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Offbeat Q&A with Phillies' Ryan Howard

CLEARWATER, Fla. - The monotony of spring training can become monotonous. So rather than recount a Grapefruit League game or provide some insight on a major league roster hopeful, the Daily News pinned down the $125 million man for a chat.

Ryan Howard, off to a roaring start this spring, answers the most pressing topics, lighthearted and serious. (David Maialetti/Staff Photographer)
Ryan Howard, off to a roaring start this spring, answers the most pressing topics, lighthearted and serious. (David Maialetti/Staff Photographer)Read more

CLEARWATER, Fla. - The monotony of spring training can become monotonous. So rather than recount a Grapefruit League game or provide some insight on a major league roster hopeful, the Daily News pinned down the $125 million man for a chat.

Ryan Howard, off to a roaring start this spring after missing half of last year recovering from left Achilles' surgery, answers the most pressing topics, lighthearted and serious.

Daily News: Who in this room would win in a cage match?

Ryan Howard: Cage match?

DN: Yes, to the death.

RH: Now you're killing people?

Delmon Young interjects: You went from a cage match, just tossing people out, to tearing people apart.

DN: You can pick a final four and a winner.

RH: I'm going to say (nonroster outfielder) Jermaine Mitchell would win. J-Mitch has a UFC mentality to him. I'd throw J-Mitch in there, I'm throwing Cookie (Aaron Cook) in there, (Kevin) Frandsen.

DN: You're going off the board here.

RH: These are off-the-board questions.

DN: I was thinking (Phillippe) Aumont. He's one big Canadian.

RH: Aumont's got to go to the World Baseball Classic, so he's out.

DN: What about you?

RH: I'm just judging. I'll watch from the front row.

DN: Who in here would have the best chance at killing a bear in the woods?

RH: That's where you have to find your hunters. I would say – I'd put Cookie in there, Cliff (Lee) in there.

DN: You don't think Roy Halladay is keeping charts on the bear, figuring out its weaknesses?

RH: I'd probably say (Jonathan) Papelbon; he'd probably wrestle (the bear). I would say those three guys.

DN: Wins are the obvious stat you are all here for. But what would your individual statistical goal be for 2013?

RH: For me? I would never tell you that. Who wrote these questions? They thought they were slick, sneaking that one in. I see where you're going.

DN: Big contracts can work a couple of different ways: some guys can be relaxed after getting paid, others might be motivated to live up to it. Some press. Where are you on that?

RH: I really don't know. I don't think about it. I've seen it where guys . . . I've never let it affect me one way or another. I think just with your competitive nature you want to go out, compete and get the job done. Sometimes you go and put too much pressure on yourself. It all varies. Some guys let it affect them . . . But it's all about finding a balance. I've never let it come into play.

DN: [On Howard's footwear] Socks and sandals. What are you thinking?

RH: Well, there's a difference. Flip-flops. If you're an athlete, you like to wear flip-flops. It depends on what kind of sandals you're wearing, like some old-man sandals . . . And what if it's cold? If you want to go outside and get the mail. [Papelbon walks into room.] See, doesn't that look like someone who would wrestle a bear? Exactly.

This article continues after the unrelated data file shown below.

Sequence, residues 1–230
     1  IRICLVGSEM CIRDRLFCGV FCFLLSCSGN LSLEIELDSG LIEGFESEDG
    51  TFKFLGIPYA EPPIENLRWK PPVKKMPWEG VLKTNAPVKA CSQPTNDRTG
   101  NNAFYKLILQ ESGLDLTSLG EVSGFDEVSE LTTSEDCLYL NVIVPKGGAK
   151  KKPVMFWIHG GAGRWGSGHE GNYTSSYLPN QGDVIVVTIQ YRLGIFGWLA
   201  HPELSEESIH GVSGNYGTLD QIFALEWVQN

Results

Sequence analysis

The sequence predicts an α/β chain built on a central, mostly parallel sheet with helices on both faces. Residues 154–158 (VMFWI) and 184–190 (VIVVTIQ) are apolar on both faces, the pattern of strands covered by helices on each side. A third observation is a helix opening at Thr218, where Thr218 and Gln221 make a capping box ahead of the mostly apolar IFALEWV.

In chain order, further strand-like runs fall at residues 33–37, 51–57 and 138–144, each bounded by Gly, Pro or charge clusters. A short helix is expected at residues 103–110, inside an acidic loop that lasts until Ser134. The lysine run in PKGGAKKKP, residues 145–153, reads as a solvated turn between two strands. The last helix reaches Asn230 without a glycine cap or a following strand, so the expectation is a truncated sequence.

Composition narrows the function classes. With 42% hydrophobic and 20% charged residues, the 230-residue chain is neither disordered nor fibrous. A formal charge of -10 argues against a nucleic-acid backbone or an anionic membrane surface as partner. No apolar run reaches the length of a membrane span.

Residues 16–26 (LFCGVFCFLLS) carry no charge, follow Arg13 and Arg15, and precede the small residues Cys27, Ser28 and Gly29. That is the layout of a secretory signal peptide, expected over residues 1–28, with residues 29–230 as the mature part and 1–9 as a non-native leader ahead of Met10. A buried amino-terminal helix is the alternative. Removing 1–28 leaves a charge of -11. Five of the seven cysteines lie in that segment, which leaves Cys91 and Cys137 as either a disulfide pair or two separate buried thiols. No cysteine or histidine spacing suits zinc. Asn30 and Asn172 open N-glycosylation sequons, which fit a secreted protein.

DN: For the first time since 2007, the Phillies don't have a bull's-eye on them as the team everyone is gunning for. Is that a good thing?

RH: We aren't looking into what everyone is saying or who's the team to beat or who's this or what's that, because every year people come out with the team to beat and sometimes they're right, sometimes they're not. So that's why you have to go out and play the 162-game season to get to the playoffs, to try to win the World Series. So all the talk - we don't really pay attention. Especially after last year, with all the injuries. You have so much to deal with during the season . . . stuff you can't predict. It's not just one team, it's every team that has to play through those variables. It's the team that can play through that and keep it together, play together and play good ball that's going to be there in the end.

DN: The Atlanta Braves have one regular position player over 30. You guys have an infield, catcher and a few key pitchers in their 30s. How aren't you old?

RH: As a team we've gotten older, but I think when people start trying to write you off because you're old – look at the teams the Braves had all of those years. I know Chipper was young, but they had a good mix, they had veteran guys who were experienced and some younger guys. I think you're only as old as you feel. Yeah, it takes your body takes a little longer to get ready, but it's all about how you go out and compete. At times I feel like the media will use age as an advantage and they will use it as a disadvantage. They can say, 'This guy is young; he needs experience' . . . And then the older guy is struggling because he's old. You're going to have good and bad days where you struggle if you're 20 or if you're 50. It's the game. People tend to pick and choose how and when they want to use the age number. We know we've gotten older as a team, but the thing is we just have to continue to compete and keep ourselves as healthy as we can, and then show teams we can still play. We can get it done.